Similarly, although Tom Brady appeared for a requested interview and answered questions voluntarily, he declined to make available any documents or electronic information (including text messages and emails) that we requested, even though those requests were limited to the subject matter of our investigation (such as messages concerning the preparation of game balls, air pressure of balls, inflation of balls or deflation of balls) and we offered to allow Brady’s counsel to screen and control the production so that it would be limited strictly to responsive materials and would not involve our taking possession of Brady’s telephone or other electronic devices. Our inability to review contemporaneous communications and other documents in Brady‟s possession and control related to the matters under review potentially limited the discovery of relevant evidence and was not helpful to the investigation

The report doesn’t say explicitly that Brady used his personal phone, but no Patriots-issued phone is mentioned for him. Still, what investigators got was enough to show there was an increase in communication between Brady and Jastremski after Jan. 19, when the story broke, that the report says “suggests that Brady was closely monitoring Jastremski.”

After not communicating by telephone or text for more than six months (according to data retrieved from Jastremski‟s cell phone), Brady and Jastremski spoke twice by telephone on January 19 (calls lasting a total of 25 minutes and 2 seconds), twice on January 20 (calls lasting a total of 9 minutes and 55 seconds) and twice on January 21 (calls lasting a total of 20 minutes and 52 seconds) before Jastremski surrendered his cell phone to the Patriots later that day for forensic imaging.

(About damn time they at least did one thing right and talked instead of sending all those incriminating messages. Still would have been better with a burner, though.)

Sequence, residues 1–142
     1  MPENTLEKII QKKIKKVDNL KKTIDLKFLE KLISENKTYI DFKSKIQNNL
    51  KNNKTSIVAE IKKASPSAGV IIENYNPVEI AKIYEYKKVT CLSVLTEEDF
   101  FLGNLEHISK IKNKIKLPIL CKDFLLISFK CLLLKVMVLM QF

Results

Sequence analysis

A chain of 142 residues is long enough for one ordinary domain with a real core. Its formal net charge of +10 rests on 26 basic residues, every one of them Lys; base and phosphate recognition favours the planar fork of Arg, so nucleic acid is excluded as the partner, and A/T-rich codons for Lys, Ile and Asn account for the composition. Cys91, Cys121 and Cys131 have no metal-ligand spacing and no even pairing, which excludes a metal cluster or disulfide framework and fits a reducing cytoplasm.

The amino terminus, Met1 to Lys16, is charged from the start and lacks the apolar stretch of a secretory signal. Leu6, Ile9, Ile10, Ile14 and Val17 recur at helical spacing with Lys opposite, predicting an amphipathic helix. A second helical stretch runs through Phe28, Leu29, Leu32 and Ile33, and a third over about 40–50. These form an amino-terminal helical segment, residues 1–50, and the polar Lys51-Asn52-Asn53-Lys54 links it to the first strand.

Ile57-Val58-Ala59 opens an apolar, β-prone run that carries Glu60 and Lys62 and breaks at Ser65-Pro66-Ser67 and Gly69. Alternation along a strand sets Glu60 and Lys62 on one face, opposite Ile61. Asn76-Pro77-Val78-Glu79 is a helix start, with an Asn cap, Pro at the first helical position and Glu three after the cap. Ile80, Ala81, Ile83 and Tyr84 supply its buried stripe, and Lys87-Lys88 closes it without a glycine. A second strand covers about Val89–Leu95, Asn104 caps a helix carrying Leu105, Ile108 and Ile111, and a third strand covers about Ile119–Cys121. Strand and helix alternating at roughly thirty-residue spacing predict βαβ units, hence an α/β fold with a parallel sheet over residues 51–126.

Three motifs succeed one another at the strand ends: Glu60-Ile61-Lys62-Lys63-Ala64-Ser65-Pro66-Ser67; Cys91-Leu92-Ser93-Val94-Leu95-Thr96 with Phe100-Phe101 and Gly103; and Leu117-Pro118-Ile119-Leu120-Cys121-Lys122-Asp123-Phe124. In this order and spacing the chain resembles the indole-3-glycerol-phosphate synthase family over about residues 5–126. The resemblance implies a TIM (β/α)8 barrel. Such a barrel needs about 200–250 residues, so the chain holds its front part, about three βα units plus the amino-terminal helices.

Did Brady talk to investigators? Yes, but the report notes he had “agents and lawyers” in attendance during his interview. No such luck for McNally and Jastremski. The report doesn’t mention any separate lawyers in attendance for them. Their only defense seemed to be whatever counsel and guidance was provided by the Patriots.

Brady at least acknowledged his boys, though, right? They’ve been sneaking around to provide him with perfect balls, and that should be worth something. Brady did acknowledge talking with Jastremski after the Jets game about the inflation of the balls. But when it came to McNally, Brady acted like he didn’t know the guy existed.

When interviewed, Brady claimed that, prior to the events surrounding the AFC Championship Game, he did not know McNally’s name or anything about McNally’s game-day responsibilities, including whether McNally had any responsibilities relating to game balls or the game officials. When asked specifically whether he had spoken with Jastremski about McNally on the night of the Jets game, he stated: “I didn’t know who Jim McNally was so I find it hard to believe I could bring that up.” On this point, Brady’s statement is inconsistent with Jastremski’s statements that Brady knew McNally and made a comment about McNally during the Jets game when complaining about the game balls.